BAYAMON, P.R. (April 17, 2011) – After thirty fights of stunning crowds with his ability to neglect defense and always come back to score the victory, Juan Manuel Lopez’ streak ended. Orlando Salido captured the WBO Featherweight Championship via eighth-round technical knockout (referee stoppage) after connecting with countless right hands including one that landed “JuanMa” on the canvas in the fifth round. In the co-featured bout, Luis Cruz claimed a unanimous decision over Martin Honorio with the scores of 100-90, 98-92 and 96-94 from Ruben Rodriguez Coliseo in Bayamon, Puerto Rico on SHOWTIME CHAMPIONSHIP BOXING.
At first it seemed like nothing new for the 27-year-old, charismatic Puerto Rican.
After Lopez (30-1, 27 KOs) won the first several rounds, Salido (35-11-2, 23 KOs), of Ciudad Obregon, Mexico, roared back by coming forward, bringing pressure and landing his right hand to the hard head of Lopez. In a flurry of punches between both fighters in the fifth, Salido landed a solid left hook followed by a hellacious right that sent JuanMa to the ground. Visibly staggered, Lopez called upon his warrior determination to return to his feet before the ten count and endure the dwindling seconds of the round.
Admitting to the severity of the knockdown, Lopez simply stated after the fight, “The punch in the fifth round hurt.”
The lingering effects of Salido’s monstrous right hand pushed JuanMa into survival mode throughout the sixth as Salido looked to end the night, but Lopez was able to miraculously hang on. By the seventh, the 10,115 loyal fans in attendance were on their feet and screaming at the top of their lungs as they witnessed their champion come back to life with a another signature gutsy performance.
But then the storyline changed.
Instead of Lopez springing from his corner in the eighth to knockout his opponent, it was Salido who charged into the round with a renewed sense of urgency to end the fight. Although Lopez was able to sporadically retaliate, Salido was landing the much cleaner, harder shots and Lopez was once again wobbling around the ring. The wobbling and lack of punching efficiency proved to be too much for referee Roberto Ramirez Jr. as he stopped the slugfest at 1:39 of round eight.
The stoppage surprised – and angered – many in attendance, as the boos were following by flying beer and water bottles from the pro-Lopez crowd. Lopez echoed the crowd’s displeasure with the ref’s ruling. “[Salido] was hitting me but [Ramirez Jr.] shouldn’t have stopped the fight,” said Lopez. “I was still conscious.”
For safety purposes, Rodriguez was walked out of the arena by a team of police escorts.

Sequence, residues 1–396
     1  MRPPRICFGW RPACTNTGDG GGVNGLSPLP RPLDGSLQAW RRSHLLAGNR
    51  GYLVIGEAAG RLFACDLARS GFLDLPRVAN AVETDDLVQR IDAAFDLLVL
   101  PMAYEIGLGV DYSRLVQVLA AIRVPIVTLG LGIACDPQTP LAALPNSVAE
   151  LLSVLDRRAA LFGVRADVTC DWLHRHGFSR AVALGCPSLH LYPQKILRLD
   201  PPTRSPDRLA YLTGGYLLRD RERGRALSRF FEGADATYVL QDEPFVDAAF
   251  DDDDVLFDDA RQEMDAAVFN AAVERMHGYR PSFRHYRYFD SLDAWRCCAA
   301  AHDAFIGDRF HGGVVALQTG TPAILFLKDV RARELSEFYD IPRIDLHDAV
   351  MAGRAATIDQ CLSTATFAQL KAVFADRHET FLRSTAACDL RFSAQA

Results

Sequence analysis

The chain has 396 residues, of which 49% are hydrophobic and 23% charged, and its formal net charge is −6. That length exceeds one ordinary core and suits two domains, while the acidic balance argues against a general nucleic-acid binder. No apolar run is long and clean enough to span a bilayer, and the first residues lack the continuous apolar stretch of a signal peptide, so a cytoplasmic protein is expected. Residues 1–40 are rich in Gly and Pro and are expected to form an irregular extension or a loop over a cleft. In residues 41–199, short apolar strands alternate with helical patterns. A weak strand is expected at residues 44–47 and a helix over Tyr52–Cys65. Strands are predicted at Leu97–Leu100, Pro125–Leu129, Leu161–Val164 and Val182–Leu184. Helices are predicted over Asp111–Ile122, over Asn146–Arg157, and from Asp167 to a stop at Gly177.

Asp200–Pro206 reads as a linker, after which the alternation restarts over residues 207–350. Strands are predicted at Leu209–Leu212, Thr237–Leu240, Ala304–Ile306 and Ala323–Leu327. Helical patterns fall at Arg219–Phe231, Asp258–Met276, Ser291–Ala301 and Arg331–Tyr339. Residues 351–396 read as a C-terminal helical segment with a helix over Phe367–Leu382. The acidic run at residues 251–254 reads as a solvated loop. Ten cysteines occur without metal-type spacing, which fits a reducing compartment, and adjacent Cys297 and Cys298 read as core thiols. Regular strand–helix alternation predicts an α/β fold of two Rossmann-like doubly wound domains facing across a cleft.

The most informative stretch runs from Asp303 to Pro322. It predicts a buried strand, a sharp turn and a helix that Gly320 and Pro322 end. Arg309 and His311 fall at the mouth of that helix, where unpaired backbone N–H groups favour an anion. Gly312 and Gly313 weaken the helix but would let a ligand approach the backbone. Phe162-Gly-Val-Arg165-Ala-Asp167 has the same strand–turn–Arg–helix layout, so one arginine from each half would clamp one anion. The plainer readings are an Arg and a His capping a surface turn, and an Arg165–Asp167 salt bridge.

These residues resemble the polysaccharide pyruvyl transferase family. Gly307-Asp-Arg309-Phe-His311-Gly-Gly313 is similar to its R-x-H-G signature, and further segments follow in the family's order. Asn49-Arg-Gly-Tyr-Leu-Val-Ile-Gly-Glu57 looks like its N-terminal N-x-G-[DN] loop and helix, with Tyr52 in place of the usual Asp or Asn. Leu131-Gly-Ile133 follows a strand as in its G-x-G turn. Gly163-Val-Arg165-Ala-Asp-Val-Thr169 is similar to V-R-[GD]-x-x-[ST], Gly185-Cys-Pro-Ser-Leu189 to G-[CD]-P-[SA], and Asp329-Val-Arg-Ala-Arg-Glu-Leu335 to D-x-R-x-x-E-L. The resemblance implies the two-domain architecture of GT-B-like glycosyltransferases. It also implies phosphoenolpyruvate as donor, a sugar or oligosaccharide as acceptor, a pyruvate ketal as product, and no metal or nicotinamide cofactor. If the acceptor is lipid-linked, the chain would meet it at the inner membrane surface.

Proudly hoisting up his belt after the fight, the new champion said, “I came very prepared to fight the No. 1 featherweight in the world. I think the fight was going pretty evenly through the first five rounds but I knew I had to pressure [Lopez] because we were in his hometown.”
After considering the bout’s thrilling nature and competitive spirit, promoter Bob Arum informed the media at the post-fight press conference that he fully planned to schedule a rematch between Lopez and Salido in the fall.
In the night’s opening attraction, the Puerto Rican rising prospect Cruz (18-0, 14 KOs), of Philadelphia by way of Las Piedras, Puerto Rico, made his case for contender status with a solid unanimous decision over Honorio (29-6-1, 15 KOs), of Mexico City. Although the fight was closer than the hometown scoring (110-90, 98-92, 96-94) from hometown judges (Raul Nieves, Nelson Vazquez, Carlos Colon) would indicate, Cruz silenced any critics pointing to a lack of quality opposition on his resume. Honorio, a late replacement for Roman “Rocky” Martinez who withdrew after suffering a lower back injury in training, has shared the ring with many former and current champions and owns a collection of upsets throughout his career.
The first round saw the two fighters feel each other out before each man found his rhythm, with Cruz scoring on big single shots and Honorio punching in volume to make his mark. In an action-packed sixth round, the two exchanged several power shots with Cruz landing big left hooks and uppercuts and Honorio scoring with the right hand.
As the 10-round junior lightweight clash settled back down, a sense of confidence and poise came over Cruz who proved to himself that he could handle prizefighting at the next level. Although the scores were more lopsided than some may have believed, Cruz earned a hard-fought unanimous decision in his coming-out party as a legitimate contender.
The doubleheader was promoted by Top Rank, Inc. The telecast will replay on Tuesday, April 19 at 10:30 p.m. ET/PT on SHOWTIME EXTREME and will be available On Demand from April 19 through May 2.
Gus Johnson called the action from ringside with Al Bernstein providing color commentary and Jim Gray serving as ringside reporter. David Dinkins Jr. is the Executive Producer of SHOWTIME Sports® with Chuck McKean producing and Bob Dunphy directing.
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